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President Clinton Delivers Remarks on New Markets InitiativesAired May 23, 2000 - 12:26 p.m. ET
THIS IS A RUSH TRANSCRIPT. THIS COPY MAY NOT BE IN ITS FINAL FORM AND MAY BE UPDATED.
FRANK SESNO, CNN ANCHOR: We want to take you over to the White House quickly, where the president of the United States and the speaker of the House, Dennis Hastert, have been talking about new markets initiatives to bring economic prosperity into regions that have been bypassed by the economic growth.
But we are expecting the president to take some questions at the conclusion of this event. We want you to be able to hear that. So we listen in.
(JOINED IN PROGRESS)
WILLIAM J. CLINTON, PRESIDENT OF THE UNITED STATES: An effort or equally distributed in this whole world and I do. We owe it to them. And I agree with what Mr. Talent (ph) said. I think what we have done is a privilege for us. We are just doing what we ought to do. Now we got to go out and finish the job.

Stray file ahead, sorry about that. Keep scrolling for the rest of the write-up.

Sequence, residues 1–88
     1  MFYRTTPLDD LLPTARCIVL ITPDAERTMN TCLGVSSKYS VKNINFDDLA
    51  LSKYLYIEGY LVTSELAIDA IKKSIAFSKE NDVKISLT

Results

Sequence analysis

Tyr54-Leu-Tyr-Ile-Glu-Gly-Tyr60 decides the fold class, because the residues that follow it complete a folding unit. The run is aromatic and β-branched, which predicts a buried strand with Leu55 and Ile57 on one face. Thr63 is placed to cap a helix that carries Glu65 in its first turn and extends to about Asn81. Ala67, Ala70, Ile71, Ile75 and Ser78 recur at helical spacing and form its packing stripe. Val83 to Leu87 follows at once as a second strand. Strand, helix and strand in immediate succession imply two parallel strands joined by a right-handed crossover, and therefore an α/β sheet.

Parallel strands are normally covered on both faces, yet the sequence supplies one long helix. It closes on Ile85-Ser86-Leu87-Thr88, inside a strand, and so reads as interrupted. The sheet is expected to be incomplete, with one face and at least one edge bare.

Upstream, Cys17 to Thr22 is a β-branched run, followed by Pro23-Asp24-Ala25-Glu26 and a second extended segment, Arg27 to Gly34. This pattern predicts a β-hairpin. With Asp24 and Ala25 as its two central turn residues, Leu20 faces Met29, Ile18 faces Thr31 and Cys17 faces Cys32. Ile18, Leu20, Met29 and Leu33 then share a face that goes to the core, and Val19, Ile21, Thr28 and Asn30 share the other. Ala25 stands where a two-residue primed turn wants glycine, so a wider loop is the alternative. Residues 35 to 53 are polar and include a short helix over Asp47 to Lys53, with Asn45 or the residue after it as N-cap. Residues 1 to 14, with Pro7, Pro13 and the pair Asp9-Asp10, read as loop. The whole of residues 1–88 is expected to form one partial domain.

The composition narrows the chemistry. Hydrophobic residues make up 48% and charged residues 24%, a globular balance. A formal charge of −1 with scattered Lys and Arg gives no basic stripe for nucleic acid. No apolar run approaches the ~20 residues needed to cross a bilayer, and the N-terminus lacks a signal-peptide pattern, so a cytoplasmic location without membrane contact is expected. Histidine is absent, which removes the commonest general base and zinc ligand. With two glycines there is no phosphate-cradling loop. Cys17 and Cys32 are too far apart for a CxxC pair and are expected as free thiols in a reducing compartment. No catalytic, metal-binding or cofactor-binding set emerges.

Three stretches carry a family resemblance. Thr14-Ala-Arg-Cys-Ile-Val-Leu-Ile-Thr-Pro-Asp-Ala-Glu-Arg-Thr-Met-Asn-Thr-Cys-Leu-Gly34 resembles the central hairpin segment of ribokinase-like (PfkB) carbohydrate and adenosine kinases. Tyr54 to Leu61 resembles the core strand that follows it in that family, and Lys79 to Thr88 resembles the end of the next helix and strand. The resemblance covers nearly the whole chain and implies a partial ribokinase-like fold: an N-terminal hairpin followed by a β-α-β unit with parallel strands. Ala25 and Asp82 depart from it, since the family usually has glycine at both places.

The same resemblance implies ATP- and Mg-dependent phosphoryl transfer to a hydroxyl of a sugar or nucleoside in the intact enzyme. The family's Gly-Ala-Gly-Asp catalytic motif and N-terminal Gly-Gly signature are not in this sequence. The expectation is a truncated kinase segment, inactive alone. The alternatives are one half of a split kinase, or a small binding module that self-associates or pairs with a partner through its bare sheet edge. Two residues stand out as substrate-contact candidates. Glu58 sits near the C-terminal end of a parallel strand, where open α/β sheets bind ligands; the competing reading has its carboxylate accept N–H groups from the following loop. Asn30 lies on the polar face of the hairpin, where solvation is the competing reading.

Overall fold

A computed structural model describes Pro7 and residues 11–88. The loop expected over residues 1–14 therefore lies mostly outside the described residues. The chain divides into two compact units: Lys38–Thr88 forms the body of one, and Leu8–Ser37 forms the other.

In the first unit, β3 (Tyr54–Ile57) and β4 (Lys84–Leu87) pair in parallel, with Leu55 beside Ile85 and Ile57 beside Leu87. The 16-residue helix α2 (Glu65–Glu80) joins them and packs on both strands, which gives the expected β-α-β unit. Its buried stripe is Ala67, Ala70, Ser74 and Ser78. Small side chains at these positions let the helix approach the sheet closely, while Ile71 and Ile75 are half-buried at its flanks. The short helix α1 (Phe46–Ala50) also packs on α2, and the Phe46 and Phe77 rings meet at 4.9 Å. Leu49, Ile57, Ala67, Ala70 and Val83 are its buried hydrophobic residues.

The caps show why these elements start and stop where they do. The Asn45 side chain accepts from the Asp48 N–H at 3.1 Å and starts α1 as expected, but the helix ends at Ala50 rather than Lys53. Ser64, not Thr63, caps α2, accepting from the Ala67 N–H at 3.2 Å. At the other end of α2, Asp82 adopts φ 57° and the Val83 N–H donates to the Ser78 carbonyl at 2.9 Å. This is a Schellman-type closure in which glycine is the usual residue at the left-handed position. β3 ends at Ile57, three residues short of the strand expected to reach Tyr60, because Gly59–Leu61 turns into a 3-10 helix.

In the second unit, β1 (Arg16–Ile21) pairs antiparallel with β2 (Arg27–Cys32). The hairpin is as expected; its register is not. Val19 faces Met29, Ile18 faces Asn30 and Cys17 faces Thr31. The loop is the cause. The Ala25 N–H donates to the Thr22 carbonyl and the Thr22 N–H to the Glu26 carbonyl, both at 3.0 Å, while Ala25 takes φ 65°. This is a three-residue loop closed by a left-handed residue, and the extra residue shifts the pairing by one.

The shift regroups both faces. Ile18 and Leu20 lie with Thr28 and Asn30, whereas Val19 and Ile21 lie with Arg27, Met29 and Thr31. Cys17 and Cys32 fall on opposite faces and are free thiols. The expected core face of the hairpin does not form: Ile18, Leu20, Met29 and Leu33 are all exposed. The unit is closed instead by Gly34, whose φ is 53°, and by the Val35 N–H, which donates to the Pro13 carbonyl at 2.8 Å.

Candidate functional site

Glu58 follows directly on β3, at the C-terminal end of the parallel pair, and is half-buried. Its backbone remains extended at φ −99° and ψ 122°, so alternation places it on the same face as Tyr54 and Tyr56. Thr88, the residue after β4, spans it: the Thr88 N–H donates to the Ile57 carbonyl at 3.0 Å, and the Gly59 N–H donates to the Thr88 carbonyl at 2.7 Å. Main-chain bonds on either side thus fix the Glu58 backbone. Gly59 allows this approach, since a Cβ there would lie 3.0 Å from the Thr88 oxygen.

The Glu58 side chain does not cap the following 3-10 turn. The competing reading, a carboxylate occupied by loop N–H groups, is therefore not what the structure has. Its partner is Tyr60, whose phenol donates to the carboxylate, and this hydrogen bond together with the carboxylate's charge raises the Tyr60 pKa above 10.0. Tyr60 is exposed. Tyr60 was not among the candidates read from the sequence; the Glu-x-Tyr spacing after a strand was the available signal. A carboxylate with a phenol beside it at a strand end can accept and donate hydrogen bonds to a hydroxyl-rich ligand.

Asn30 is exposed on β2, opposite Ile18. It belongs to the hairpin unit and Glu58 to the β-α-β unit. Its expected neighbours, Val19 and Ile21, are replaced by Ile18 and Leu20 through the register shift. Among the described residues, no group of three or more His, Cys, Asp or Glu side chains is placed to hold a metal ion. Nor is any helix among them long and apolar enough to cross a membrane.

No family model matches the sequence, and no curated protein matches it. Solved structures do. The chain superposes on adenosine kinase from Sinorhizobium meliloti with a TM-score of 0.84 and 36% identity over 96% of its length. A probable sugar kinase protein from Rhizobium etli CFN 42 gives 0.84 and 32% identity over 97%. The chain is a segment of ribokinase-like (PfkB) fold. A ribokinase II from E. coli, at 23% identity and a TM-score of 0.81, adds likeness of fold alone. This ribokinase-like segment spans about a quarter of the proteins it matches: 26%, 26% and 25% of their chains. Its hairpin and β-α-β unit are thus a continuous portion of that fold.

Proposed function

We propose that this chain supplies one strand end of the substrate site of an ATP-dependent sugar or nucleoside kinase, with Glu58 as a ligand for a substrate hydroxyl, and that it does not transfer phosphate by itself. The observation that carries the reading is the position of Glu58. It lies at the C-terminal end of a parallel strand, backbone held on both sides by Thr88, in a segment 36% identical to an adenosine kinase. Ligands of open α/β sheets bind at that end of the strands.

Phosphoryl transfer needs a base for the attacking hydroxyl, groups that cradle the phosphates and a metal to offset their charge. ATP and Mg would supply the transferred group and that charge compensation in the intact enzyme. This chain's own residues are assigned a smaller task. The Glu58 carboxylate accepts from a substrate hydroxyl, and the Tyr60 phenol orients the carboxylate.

Thank you very much.
SESNO: We do want to give you some background here on this new markets initiative that has come from the White House. It has been an effort spearheaded by the president, supported by secretary of housing and urban development, Andrew Cuomo, to get the president and other administration officials out into rural and urban areas of the country, as we mentioned, that have been bypassed, that have not enjoyed the full fruits of the recent economic recovery.
We went back to the White House event, to this White House event, to bring it to you because we had some indication that the president would be taking some questions. And given the status of the China trade bill that's up on the Hill now, set for a vote tomorrow, and also the news out of Arkansas, the committee there had voted to disbar the president as a result of his testimony in the Paula Jones suit, we wanted you to hear any questions that might be put to the president.
As you see, he is in the room, working it, shaking those hands, and acknowledging those who showed up for this event. So we will see if he makes his way back to the microphone.
Normally, at the conclusion of one of these, you hear -- some of the stentorian tones of the reporters who are in attendance holler out to the president. I guess that is not to be the case, at least not now. JEANNE MESERVE, CNN ANCHOR: Apparently not.
SESNO: A little of taste and flavor of Washington, sometimes unpredictable.
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